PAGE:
Robert Malley served as special assistant and senior adviser to President Obama and White House coordinator for the Middle East, North Africa and the Gulf region.
For clues as to how the Trump administration would like to deal with the Middle East, one need not look too far. As a candidate, and then as president, Donald Trump laid out three overarching principles that, one suspects, his national security team is busy trying to stitch together: to quickly defeat the Islamic State; to aggressively push back against Iran, imposing a steep price for its hostile activities; and to put “America first” — a concept that, applied to U.S. policy in the region, translates roughly into avoidance of costly, open-ended military entanglements. The principles are clear, understandable and irreconcilable: The administration could have one, or even two of the three, but not all of them at once. If it wants a robust approach to the Islamic State and an aggressive stance toward Iran, it will need to substantially ramp up U.S. military involvement. If it insists on keeping those numbers low and aspires to go after the Islamic State nonetheless, it will have to postpone the goal of decisively challenging Iran. And if it wants to confront Tehran while keeping the U.S. presence within bounds, the fight against the Islamic State inevitably will suffer.
Start with the admonition to steer clear of heavy U.S. military involvement, which, considering ill-fated precedent, may rank as one of Trump’s least objectionable pronouncements so far. Can the battle against the Islamic State proceed effectively within that constraint? Yes, and, indeed, it has. The United States has kept in check the numbers of its personnel on the ground (roughly 5,000 in Iraq, a few hundred in Syria), opting to work by, with and through the Iraqi government, which has the combat lead and provides the bulk of manpower, and to partner with various non-state actors in Syria. Progress against the Islamic State has been steady, if incremental, and efforts have been made to avoid decisions that might divert from that objective.
Add to this a far more confrontational stance toward Iran to, say, curb its role in Iraq or Syria, and the equilibrium will be upended. Administration officials make no secret of their desire to prioritize challenging Iran, pushing back on its military presence in Syria, impeding its activities or those of its allies in Iraq and interfering more aggressively with its arms shipments to those two theaters or to Yemen. But to do so under current circumstances would mean putting at risk U.S. troops and diplomatic personnel, many of whom live within striking distance of Shi’ite militia members that so far have been held back principally by Tehran. If it’s open season on Iran, two outcomes are likely. First, expect that restraining order to be lifted; that’s a reality that Defense Secretary Jim Mattis and national security adviser H.R. McMaster both experienced firsthand in the past. Second, expect Tehran to pressure Baghdad to either restrict the ability of U.S. forces to operate on its soil or, worse, ask that they depart. The former would cause considerable distraction from the fight against the Islamic State; the latter, were Baghdad to oblige, would render that fight all but impossible.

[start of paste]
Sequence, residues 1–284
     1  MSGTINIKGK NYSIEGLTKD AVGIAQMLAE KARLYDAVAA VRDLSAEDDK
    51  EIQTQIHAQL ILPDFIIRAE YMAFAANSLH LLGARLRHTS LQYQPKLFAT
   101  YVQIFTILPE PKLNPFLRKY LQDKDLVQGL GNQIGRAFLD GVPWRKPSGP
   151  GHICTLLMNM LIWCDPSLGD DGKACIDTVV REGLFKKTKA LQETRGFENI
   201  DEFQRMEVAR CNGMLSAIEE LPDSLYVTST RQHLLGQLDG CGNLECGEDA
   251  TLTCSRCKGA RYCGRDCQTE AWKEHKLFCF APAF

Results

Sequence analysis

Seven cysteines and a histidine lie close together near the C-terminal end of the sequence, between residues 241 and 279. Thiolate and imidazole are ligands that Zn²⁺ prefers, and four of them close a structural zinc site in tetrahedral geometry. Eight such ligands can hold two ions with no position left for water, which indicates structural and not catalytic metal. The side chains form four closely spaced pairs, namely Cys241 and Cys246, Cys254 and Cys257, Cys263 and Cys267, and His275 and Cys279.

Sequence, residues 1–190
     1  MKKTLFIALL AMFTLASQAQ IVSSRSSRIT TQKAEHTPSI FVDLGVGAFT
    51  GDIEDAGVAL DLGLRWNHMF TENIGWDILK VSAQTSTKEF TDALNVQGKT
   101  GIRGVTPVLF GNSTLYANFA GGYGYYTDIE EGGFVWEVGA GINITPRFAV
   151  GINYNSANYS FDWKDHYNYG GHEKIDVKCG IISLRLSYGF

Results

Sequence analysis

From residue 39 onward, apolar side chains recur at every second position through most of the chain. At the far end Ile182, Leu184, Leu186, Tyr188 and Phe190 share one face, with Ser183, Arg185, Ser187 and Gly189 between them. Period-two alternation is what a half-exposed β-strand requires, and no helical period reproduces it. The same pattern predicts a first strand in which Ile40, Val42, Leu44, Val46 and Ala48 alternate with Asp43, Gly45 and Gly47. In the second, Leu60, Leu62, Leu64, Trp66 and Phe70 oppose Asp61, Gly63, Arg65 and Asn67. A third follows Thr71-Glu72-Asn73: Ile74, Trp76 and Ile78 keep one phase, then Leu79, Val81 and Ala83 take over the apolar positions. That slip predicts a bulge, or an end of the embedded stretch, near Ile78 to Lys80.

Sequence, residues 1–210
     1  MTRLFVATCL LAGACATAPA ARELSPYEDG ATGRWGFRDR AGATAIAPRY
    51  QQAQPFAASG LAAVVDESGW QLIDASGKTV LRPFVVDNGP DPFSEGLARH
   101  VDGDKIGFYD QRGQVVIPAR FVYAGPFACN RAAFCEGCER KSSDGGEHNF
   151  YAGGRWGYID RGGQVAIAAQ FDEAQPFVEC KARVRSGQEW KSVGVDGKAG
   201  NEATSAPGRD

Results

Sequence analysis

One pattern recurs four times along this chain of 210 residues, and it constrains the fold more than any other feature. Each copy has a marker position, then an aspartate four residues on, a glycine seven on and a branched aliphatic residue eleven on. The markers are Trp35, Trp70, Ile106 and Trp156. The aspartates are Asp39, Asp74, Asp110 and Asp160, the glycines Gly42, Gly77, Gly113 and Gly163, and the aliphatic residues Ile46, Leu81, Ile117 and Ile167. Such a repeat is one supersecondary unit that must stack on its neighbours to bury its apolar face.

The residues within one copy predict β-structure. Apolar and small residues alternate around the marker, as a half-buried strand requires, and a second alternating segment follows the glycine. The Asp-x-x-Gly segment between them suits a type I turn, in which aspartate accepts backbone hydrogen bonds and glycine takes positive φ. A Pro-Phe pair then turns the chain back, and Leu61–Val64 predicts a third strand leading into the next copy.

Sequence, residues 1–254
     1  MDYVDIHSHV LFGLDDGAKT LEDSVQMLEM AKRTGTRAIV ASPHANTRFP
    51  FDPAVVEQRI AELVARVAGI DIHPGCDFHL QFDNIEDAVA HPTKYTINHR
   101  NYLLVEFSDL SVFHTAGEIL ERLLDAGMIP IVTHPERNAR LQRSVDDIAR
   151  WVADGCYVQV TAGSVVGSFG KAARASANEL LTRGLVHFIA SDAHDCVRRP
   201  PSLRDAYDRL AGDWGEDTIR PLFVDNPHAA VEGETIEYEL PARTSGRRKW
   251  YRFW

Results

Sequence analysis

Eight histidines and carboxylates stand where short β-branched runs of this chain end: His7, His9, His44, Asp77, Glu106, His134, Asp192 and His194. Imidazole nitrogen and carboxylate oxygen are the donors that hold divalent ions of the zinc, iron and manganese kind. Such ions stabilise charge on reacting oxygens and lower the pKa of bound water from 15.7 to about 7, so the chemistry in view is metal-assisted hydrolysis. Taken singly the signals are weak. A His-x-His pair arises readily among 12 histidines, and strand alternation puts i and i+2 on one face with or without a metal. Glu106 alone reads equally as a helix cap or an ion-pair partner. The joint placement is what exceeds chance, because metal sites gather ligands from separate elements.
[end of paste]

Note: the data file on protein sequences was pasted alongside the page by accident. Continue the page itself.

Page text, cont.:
Alternative ways forward exist, of course, but they necessarily involve sacrificing one of the other two guidelines. First, the administration could choose to neutralize Tehran’s most effective deterrent — the ability to hinder and undermine the U.S. campaign against the Islamic State — by de-emphasizing that front, and accepting that, faced with diversion and disruption, progress against the Islamic State will need to slow down. Or the administration could decide to remove the tacit cap on its military involvement, opting to wage a two-front battle against the Islamic State and Iran. The addition of tens of thousands of U.S. troops could serve several purposes: Intimidate Iran; allow the United States to respond aggressively if intimidation were to fail; prosecute the war against the Islamic State in Iraq and Syria without regard to Iranian desiderata; and even pay less heed to the Iraqi government’s demands.
The Obama administration faced the same “trilemma,” and, by virtue of its actions, implicitly made its preference known. It combined a relatively modest military footprint with a focus on the Islamic State, because it felt that both the United States and the region could ill afford another Middle East quagmire, because it prioritized the fight against terrorism and because — while determined to check Iran’s hostile activities — it judged that there were other and smarter ways (tough but calibrated actions and sanctions, bilateral engagement and multilateral diplomacy, efforts to de-escalate tensions between Tehran and Riyadh, and the nuclear deal above all) to do so.
Trump considers the measures taken to contain Iran over the past few years to have been feeble, feels that Tehran has acquired disproportionate regional influence, has evinced scant regard for diplomacy or multilateralism and has made his distaste for the nuclear deal abundantly clear, so one might expect a different calculus. What is fanciful is an outcome that wishes away basic political and military constraints. In the business world, this rule went by the expression “Fast, Good or Cheap — Pick two.” There is no all-of-the-above option. Something will have to give.